necessary to decrease the N.sub.2 removal section reboil to below its minimum allowed amount, and to increase argon rectifier reboil to above its maximum allowed amount.  This is not possible with present designs.


In one prior art reference, U.S.  Pat.  No. 3,729,943, some increase in argon recovery is achieved by increasing the reboil through the argon stripping section only.  This is done by locating a latent heat exchanger at the common connection point
between the three sections of the LP column, and evaporating LN.sub.2 or LOX in that exchanger.  By increasing reboil through the argon stripping section, a higher O.sub.2 purity is obtained (assuming the same number of trays/countercurrent contact
stages/theoretical plates).  Thus up to 10% less argon exits with the O.sub.2 product.  However, the saved argon is still split in the same proportions between the N.sub.2 removal section and the argon rectification section, and hence only part of it is
actually recovered.  This is because the reboil rates through those two sections are unchanged.  Even though the latent heat exchanger is physically located in the bottom of the argon rectifier, all the trays of the argon rectifier are above the latent
heat exchanger, and hence the latent heat exchanger causes no added reboil through any of the countercurrent contact part of the argon rectifier.


In the above disclosure, when LN.sub.2 is evaporated, that vapor is work expanded to produce the required process refrigeration.  This vapor is at a substantially lower pressure than the HP rectifier overhead vapor, e.g., at 4.5 ATA vice 6 ATA. 
Accordingly a proportionately larger amount must be expanded to produce a given refrigeration requirement.  In modern "LOXBOIL" plants this will have an adverse impact on O.sub.2 recovery, LOXBOIL plants are those in which the product oxygen is
evaporated by latent heat exchange against condensing air vice against condensing HP rectifier overhead gas (typically 99% purity N.sub.2).  This substantially increases the delivery pressure of the product oxygen, but it substantially decreases the
amount of LN.sub.2 available to reflux the N.sub.2 removal section and HP rectifier, and thus decreases the ability to rectify the O.sub.2 out of those two overhead products.  LOXBOIL plants can recover about 97% of the oxygen as product provided only 8
to 10% of the feed gas is work expanded, but any additional work expansion causes a reduction in achievable O.sub.  2 recovery.  Thus the prior art disclosure, in a LOXBOIL context, provides some additional argon recovery but at the expense of reduced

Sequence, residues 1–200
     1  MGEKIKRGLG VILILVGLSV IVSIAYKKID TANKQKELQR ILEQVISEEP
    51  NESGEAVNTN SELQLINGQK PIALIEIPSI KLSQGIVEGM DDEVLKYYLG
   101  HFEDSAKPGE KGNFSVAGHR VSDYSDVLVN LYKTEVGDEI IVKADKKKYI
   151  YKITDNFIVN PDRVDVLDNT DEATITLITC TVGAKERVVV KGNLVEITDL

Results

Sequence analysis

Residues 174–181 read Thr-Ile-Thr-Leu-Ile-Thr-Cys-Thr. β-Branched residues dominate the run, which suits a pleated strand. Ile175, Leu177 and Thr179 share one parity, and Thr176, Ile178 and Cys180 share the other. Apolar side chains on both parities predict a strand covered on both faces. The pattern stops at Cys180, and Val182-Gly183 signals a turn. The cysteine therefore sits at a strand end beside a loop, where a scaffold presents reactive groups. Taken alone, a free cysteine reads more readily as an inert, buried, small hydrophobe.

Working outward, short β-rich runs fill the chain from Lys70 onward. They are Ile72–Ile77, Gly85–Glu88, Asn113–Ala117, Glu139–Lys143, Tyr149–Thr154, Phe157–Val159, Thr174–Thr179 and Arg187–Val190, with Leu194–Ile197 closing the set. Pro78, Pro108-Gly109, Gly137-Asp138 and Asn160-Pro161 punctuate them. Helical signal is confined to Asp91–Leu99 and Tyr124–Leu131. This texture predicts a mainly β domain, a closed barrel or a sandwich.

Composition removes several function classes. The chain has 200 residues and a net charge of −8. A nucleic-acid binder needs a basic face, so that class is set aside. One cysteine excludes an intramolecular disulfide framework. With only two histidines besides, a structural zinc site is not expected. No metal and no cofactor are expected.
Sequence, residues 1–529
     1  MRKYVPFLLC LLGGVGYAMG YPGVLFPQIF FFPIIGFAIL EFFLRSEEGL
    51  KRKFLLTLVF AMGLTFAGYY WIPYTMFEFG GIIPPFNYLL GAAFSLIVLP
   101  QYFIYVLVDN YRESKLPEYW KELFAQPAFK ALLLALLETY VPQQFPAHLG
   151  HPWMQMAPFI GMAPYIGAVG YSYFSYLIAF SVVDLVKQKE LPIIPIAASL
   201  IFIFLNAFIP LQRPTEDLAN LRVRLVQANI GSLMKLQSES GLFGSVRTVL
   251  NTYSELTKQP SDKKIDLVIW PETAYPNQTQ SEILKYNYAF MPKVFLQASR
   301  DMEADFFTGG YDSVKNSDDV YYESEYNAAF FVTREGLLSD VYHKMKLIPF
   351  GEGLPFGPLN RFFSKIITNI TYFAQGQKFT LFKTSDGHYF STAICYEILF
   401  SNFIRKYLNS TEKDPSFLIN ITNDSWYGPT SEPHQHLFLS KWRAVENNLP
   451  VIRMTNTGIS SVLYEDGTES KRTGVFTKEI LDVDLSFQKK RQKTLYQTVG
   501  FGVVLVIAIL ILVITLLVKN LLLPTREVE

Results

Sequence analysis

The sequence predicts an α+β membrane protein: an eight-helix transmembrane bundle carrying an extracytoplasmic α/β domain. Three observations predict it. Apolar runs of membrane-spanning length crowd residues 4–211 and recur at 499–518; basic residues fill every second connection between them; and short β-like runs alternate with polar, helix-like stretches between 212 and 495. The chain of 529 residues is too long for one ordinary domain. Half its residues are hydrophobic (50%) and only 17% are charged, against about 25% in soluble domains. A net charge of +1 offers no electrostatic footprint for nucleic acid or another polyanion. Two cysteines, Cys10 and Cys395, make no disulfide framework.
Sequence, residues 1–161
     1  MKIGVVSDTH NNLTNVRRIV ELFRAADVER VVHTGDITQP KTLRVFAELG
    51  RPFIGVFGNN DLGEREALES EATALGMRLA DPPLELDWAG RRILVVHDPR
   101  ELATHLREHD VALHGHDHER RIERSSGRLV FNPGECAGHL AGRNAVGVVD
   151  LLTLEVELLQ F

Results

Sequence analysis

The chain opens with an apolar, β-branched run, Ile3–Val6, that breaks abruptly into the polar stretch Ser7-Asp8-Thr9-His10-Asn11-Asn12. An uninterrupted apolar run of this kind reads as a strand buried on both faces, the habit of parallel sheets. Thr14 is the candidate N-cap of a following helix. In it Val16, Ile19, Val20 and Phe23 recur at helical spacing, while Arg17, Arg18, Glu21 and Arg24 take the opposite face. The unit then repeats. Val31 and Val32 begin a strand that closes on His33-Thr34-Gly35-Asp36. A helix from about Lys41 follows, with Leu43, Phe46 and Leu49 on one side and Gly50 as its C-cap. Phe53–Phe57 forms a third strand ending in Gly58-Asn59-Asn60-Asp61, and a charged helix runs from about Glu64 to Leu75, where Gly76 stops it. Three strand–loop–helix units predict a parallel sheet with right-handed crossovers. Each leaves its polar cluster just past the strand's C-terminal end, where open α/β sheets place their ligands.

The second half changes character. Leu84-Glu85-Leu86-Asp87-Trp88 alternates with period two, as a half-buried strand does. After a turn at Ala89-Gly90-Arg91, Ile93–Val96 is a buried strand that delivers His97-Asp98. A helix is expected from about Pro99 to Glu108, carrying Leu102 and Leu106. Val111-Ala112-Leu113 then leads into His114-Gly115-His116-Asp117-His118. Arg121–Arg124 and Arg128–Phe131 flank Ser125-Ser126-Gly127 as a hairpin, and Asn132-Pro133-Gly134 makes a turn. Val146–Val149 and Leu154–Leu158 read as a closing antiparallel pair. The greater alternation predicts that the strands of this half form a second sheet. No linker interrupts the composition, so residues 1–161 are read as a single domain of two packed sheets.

product oxygen recovery.


There is another reason why attempts to increase argon recovery have an adverse impact on O.sub.2 recovery of LOXBOIL plants, even in the absence of the LN.sub.2 evaporator disclosed in the prior art.  As argon recovery increases (and holding
argon purity constant) there are two different and additive effects which both require increases in the reboil rate up the argon rectification section.  First, greater mass flow out the top (overhead product) at a fixed column L/V will require a linearly
proportional increase in V (reboil).  More importantly, however, as the argon recovery increases, the argon concentration at the common connecting point between the three LP column sections decreases.  For most modern plants having a recovery of about
60%, that concentration is about 9 or 10% argon.  For 0 recovery, it must increase to about 17%, to force all the argon up the N.sub.2 removal section.  If full recovery were possible, it would decrease to about 4%.  As argon recovery is increased, and
that concentration correspondingly decreases, the feed vapor to the argon rectification section is located lower on the equilibrium line of the McCabe-Thiele diagram, and hence a decreased L/V is actually required, thus further increasing both the reboil
and reflux requirement.


With two requirements to increase the reboil and reflux, more kettle liquid must be evaporated to supply the reflux: at the limit, all is evaporated.  This, however, shifts the N.sub.2 removal section feed point substantially down the equilibrium
line, to the extent that the refluxes available to the N.sub.2 removal section can no longer rectify sufficient oxygen out of the overhead nitrogen, and hence O.sub.2 recovery suffers.


From the foregoing it can be seen that the need which exists in this technical field, and one objective of the present invention, is to provide a means for increasing argon recovery without decreasing the oxygen recovery, purity, or delivery